deborah-nelson-the-war-behind-me.thumbnail.jpg[ Welcome Deborah Nelson, Pulitzer Prize winning journalist, and Host Professor Robert Steck - bev]

Deborah Nelson’sThe War Behind Me

“Henry peered over a short hedge, where women and children huddled as Carter and others took aim. Soldiers dragged a naked teenager from a hooch. ‘She was brought out by two guys, and she was thrown into the pile … There were babies in there too … She was just thrown on the pile and they started shooting.’

“A farmer shot on the way home from market, a man on his bicycle, three farmers in a field, teenage brothers fishing peacefully on a lake, (all killed by American soldiers ) – there are hundreds of such reports in the war-crime archive, each one dutifully recorded, sometimes with no more than a passing sentence or two, as if the killing were as routine as the activity it interrupted.”

As Deborah Nelson makes clear in passages like the above, (from her new book The War Behind Me,) chronicling a seemingly endless accumulation of war crimes can become monotonous. The evil can come to seem, in Hannah Arendt’s term, “banal”, and one is reminded of Stalin’s cynical observation that one death is a tragedy, a million deaths is a statistic.

But it is no small part of the genius of Nelson’s book that she never lets the horror hide in the statistics. She never allows the banality to obscure the blood. Instead, Nelson constantly and relentlessly digs beneath the surface statistics to pull into the light of day what lies beneath — the complicated and dense web of victims and executioners, soldiers and civilians, ground-pounders in the bush and starched Generals in the Pentagon, courageous whistle blowers who tell the truth, and bureaucratic cowards who cover it up.

Nelson’s book raises such profoundly troubling questions in such a powerful way that its painful puzzles continue to pop up in readers’ minds long after they have turned the last page. Secondary explosions. Throughout her extraordinary book Nelson trains a cool, clear and carefully calibrated eye on realities that are as heated as napalm, as murky as the Mekong River, and as intense as a firefight. We are deeply in her debt.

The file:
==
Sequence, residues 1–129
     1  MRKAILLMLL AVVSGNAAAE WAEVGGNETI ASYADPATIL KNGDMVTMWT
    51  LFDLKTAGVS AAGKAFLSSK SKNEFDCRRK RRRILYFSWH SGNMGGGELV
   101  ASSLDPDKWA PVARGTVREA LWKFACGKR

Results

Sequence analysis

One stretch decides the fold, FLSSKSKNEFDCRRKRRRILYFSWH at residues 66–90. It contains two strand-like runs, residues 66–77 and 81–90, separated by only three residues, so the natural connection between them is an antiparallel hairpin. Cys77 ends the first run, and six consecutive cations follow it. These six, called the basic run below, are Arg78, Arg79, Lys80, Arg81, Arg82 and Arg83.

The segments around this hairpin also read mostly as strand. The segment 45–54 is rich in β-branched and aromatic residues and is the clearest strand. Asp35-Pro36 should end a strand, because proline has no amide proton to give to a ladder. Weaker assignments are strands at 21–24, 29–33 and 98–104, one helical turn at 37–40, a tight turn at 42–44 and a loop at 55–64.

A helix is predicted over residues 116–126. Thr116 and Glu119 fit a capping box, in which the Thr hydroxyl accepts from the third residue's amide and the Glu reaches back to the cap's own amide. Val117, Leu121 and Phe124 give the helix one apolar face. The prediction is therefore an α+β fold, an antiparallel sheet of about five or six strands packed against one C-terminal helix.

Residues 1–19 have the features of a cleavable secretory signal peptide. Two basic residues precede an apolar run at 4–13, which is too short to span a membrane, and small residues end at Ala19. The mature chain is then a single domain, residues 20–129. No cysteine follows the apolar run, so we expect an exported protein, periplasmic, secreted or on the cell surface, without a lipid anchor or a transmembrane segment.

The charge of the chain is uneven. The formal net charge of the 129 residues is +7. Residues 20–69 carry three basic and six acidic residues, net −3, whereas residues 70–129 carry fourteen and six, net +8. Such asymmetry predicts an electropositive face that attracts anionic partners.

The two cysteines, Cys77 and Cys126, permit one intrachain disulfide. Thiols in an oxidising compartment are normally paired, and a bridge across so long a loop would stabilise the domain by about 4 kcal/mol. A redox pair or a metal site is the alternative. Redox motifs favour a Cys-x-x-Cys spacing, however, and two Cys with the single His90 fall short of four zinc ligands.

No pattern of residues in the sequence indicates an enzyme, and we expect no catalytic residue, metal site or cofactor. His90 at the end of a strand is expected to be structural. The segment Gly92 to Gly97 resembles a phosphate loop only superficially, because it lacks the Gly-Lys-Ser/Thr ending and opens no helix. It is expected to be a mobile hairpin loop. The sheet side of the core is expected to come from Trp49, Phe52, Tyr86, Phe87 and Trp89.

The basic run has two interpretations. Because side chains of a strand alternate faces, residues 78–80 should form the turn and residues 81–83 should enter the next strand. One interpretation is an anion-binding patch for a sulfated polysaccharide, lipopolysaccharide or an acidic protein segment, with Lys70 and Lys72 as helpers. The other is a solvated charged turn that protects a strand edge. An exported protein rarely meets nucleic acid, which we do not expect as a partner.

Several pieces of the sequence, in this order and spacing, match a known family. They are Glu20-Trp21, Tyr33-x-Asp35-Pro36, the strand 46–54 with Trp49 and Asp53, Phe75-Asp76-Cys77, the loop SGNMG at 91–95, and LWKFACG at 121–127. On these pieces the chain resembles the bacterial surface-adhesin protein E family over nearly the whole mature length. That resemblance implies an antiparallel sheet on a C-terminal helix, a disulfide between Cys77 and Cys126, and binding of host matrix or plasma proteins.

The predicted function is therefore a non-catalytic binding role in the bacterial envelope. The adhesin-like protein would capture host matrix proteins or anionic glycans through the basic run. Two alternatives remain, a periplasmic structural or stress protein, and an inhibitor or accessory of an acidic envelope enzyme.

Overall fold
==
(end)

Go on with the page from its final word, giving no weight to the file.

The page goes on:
Her method is simple and straightforward. She and Vietnam Scholar, Nick Turse, found out that at the time the Army launched its inquiry into the massacre at My Lai, it also launched a second inquiry into other war crimes. That second inquiry was headed up by a team of officers who worked entirely in secret for more than five years. The team assembled nine thousand pages of evidence chronicling a wide and hideous range of events when American soldiers perpetrated murders of civilians, committed atrocities, and in other ways systematically violated the laws of war and of the Army Field Manual.

Nelson and Turse set out to make their way through this staggering accumulation of reports which added up, in the words of one witness, to “a My Lai a month.” Most of the incidents in the nine thousand came to light because of ‘whistleblowers’ who wrote letters describing the crimes to political and military leaders, describing the event and naming the perpetrators. After studying those files Nelson went to whatever lengths necessary to find and interview all the protagonists: whistleblowers, perpetrators, investigators, and, in a trip to Vietnam, surviving victims and the families of murdered victims. As one might surmise, there is no lack of drama in these encounters, perhaps especially those who are politely asked about atrocities they committed decades earlier. Drama reveals character, and I was especially intrigued by one former soldier who, confronted with overwhelming evidence of his commission of war crimes thirty years earlier, responded over and over, with increasing heat to Nelson’s questions: “WHY DON’T YOU GET A REAL JOB!!”

Toward the end of her book Nelson interviews a few upstanding retired generals who worked both while in Vietnam and later to prevent atrocities in Vietnam and, later, to try to learn the lessons that might prevent them from occurring in any future war. One of those generals, John Johns, is convinced that whenever American troops deploy against enemies who are mixed in with the civilian population. Atrocities and war crimes are inevitable.

Throughout, however, Nelson casts herself as a discoverer of facts, asking questions rather offering answers. The questions she poses are so compelling and consequential that today’s on-line discussion should be especially lively.

[As a reminder, please be respectful of our author and host, and take off-topic discussions to the previous thread. -bev]